Speaking of family firms

The Dutch economy is built on family businesses. But what is a family firm anyway? How to they differ from other, non-family businesses run by entrepreneurs? They get a lot of airtime, but no one is clear on who exactly belongs in this illustrious group.

Text: Mr. Simon van den Boomen

It has to do with business, of course. Because without enterprise, there is no family firm. It also has to do with multiple generations of involvement – otherwise we’re simply talking about any entrepreneur. And yet, no single definition of ‘family firm’ exists. The Chamber of Commerce, the tax man, the banks, politics and universities all have their own criteria and take on it.

For me, there’s one aspect that jumps out: i.e. that family businesses are in principle, finite. Just like people, family businesses have a finite existence. They end when family stops running them. Sometimes that’s because the company collapses due to lack of leadership, a sale, merger or bankruptcy. It could also be that ‘the family’ represents such a big group that the only trace of family remaining is in the name, and the blood ties are very distant. Barring the odd exception, the pool of successors is in many cases too limited to enable the firm to continue on generation after generation.

Family firms are fighting against the clock in a race that theoretically, they can’t win. Once again: there are exceptions. With each generation, the likelihood of succession dramatically declines. And the likelihood of the line ending exponentially increases at generation three. Never mind at generation four. In practice, it seems that the fifth generation family members (we’re talking cousins twice removed here) are more or less strangers to one another. Add new relationships and households that are the result of divorce into the mix and the question arises as to who is whose family?

Most of all, it is the underlying emotion – sometimes even drama – that differentiates family firms from non-family firms. They involve emotions in the business process, where they don’t really belong. Companies need to make money. Otherwise they perish. Economics rules. It’s common to see the company there for the family rather than the other way around. This is putting the cart before the horse in my opinion.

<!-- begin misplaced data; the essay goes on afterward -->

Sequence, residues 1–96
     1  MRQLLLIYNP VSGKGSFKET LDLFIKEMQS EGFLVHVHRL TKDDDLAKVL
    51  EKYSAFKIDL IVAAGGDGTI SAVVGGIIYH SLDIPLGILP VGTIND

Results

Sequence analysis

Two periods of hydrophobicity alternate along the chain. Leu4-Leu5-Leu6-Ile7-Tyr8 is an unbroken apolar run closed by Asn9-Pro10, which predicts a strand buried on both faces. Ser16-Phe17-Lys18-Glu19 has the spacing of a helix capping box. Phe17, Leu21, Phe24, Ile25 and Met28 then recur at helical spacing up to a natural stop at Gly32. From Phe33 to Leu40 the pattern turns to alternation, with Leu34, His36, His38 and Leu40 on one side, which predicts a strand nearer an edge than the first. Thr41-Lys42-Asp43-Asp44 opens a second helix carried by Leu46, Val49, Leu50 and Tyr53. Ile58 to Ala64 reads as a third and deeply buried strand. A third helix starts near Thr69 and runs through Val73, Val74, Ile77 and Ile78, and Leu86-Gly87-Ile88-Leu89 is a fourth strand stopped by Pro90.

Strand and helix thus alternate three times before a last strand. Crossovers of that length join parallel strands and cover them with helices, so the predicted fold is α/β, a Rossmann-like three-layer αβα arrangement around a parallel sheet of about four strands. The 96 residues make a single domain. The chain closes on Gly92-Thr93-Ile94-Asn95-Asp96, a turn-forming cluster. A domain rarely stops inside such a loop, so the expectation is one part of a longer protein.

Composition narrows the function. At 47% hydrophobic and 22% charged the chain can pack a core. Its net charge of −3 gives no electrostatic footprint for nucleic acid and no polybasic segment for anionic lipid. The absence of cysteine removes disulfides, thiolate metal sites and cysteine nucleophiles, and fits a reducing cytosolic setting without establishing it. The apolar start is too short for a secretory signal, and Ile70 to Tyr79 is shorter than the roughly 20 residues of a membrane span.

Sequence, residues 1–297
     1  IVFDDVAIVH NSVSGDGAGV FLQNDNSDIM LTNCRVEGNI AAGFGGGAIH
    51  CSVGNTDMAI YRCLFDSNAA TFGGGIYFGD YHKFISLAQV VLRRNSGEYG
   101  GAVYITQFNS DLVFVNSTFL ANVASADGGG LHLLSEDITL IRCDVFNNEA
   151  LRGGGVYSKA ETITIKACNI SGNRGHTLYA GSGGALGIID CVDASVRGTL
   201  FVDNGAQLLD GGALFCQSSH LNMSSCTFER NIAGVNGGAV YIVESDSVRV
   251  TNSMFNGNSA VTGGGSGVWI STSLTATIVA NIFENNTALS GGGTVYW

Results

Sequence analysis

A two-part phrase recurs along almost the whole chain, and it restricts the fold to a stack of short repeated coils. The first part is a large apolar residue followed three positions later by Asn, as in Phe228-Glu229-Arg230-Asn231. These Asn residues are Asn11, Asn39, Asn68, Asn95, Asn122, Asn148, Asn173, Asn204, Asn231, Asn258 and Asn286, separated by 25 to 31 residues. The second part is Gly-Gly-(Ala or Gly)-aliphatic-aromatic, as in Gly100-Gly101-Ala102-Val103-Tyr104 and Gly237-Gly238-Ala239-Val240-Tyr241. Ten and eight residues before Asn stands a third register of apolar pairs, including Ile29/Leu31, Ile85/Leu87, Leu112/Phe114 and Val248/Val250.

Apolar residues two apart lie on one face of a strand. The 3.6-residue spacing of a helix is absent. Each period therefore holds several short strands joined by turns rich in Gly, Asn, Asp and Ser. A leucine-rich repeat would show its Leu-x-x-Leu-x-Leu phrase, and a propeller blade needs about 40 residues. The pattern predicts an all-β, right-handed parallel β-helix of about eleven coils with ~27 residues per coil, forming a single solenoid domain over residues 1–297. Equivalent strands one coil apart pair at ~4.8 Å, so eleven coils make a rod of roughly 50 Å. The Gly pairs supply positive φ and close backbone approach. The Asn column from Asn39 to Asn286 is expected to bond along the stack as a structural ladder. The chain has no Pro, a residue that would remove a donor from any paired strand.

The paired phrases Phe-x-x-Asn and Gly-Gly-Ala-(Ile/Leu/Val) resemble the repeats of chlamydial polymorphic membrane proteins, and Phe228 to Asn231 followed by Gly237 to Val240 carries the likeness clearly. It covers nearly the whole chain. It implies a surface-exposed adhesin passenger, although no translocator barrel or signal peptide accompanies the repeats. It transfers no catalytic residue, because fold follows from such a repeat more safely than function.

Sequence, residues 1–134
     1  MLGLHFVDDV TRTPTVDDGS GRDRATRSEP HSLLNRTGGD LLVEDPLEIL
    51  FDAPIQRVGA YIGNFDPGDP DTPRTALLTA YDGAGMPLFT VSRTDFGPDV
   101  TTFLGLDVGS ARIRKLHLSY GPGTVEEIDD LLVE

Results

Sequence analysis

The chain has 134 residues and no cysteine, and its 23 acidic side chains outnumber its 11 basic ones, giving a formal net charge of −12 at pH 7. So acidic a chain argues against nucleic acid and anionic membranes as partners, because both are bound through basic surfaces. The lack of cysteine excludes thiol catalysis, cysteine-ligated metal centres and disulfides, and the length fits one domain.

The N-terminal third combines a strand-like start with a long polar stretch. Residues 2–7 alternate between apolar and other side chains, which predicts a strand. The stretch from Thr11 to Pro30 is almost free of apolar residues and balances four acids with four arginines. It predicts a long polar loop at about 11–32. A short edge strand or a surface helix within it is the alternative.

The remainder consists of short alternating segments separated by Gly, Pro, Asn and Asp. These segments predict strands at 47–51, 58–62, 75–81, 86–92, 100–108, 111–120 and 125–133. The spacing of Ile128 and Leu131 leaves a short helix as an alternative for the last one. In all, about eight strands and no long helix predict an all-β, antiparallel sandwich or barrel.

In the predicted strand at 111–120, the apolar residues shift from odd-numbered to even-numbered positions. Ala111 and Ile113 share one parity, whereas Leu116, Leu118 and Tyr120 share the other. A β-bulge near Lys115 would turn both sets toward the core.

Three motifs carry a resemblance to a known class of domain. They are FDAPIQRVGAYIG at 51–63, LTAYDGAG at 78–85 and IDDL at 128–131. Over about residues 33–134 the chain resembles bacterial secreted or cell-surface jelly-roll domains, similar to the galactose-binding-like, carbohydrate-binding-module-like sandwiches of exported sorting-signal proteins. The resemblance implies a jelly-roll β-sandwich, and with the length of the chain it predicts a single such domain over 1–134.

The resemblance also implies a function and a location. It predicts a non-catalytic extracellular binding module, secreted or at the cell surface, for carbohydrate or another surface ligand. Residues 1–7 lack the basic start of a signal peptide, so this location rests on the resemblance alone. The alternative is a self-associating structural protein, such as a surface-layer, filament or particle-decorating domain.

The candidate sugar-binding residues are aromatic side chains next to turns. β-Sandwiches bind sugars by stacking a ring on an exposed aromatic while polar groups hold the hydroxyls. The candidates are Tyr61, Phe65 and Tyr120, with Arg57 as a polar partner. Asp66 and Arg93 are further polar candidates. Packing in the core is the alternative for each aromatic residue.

Healthy principles like making a profit, innovation and professional management should be guiding, and not the family’s private interests. Families that are flexible in that sense hold out the longest. They are the ones most able to delay splitting up the company.

Darwinism is an integral part of the survival of a family firm. If the family is unable to adapt to the shifting circumstances, survival becomes challenging. Business can hit the end of the road sooner than expected in those cases. Sometimes both the family and the firm go under together. The rift tears both apart. That is certainly a low point in the world of family businesses.

‘Most of all, it is the underlying emotion – sometimes even drama – that differentiates family firms from non-family firms.’

The question we should be asking is, why the principles of a family firm can’t be engrained in any regular firm? HEMA was a good example, albeit an old one. The HEMA of recent years is another ballgame altogether, with private equity managers taking over. But prior to that, it was run by the actual HEMA family. Just like the old Philips.

In order to survive as a family firm, the owners need to keep reinventing themselves. A small family circle will by definition have to open themselves up. And family firms can’t stand that. They’d prefer to continue to build with a small circle of family players instead of replenishing the team in time.

When family firms truly embrace Darwinism, future generations have a far better chance of success. If they don’t, there is no future and a family firm will usually run its course after multiple generations. That isn’t necessarily a bad thing: selling a family business can be very sensible. Especially in the long-term.

Experience shows that people are keen to continue family businesses. The legacy should be preserved, but the emotions often prevail. That’s okay. Just try to avoid the reptilian brain taking over, embrace Darwinian principles in a changing corporate world, and stay on track by respecting the familial triangle of staff, customers and owners. They are the true foundations of a healthy family firm. Only then will the family-firm fairy tale live on happily ever after.

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